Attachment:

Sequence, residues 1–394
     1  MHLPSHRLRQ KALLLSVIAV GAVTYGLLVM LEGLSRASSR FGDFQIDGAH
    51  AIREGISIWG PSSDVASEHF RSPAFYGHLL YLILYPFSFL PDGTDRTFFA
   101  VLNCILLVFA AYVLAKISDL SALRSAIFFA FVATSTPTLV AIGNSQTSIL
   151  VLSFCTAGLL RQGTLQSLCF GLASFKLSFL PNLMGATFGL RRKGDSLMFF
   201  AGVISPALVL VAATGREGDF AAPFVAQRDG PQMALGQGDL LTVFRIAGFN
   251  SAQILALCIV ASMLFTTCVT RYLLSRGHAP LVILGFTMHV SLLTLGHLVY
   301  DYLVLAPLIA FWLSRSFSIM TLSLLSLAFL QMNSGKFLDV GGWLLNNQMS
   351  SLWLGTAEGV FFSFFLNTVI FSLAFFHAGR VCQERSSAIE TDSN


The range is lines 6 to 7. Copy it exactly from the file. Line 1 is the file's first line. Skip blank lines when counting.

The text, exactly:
   201  AGVISPALVL VAATGREGDF AAPFVAQRDG PQMALGQGDL LTVFRIAGFN
   251  SAQILALCIV ASMLFTTCVT RYLLSRGHAP LVILGFTMHV SLLTLGHLVY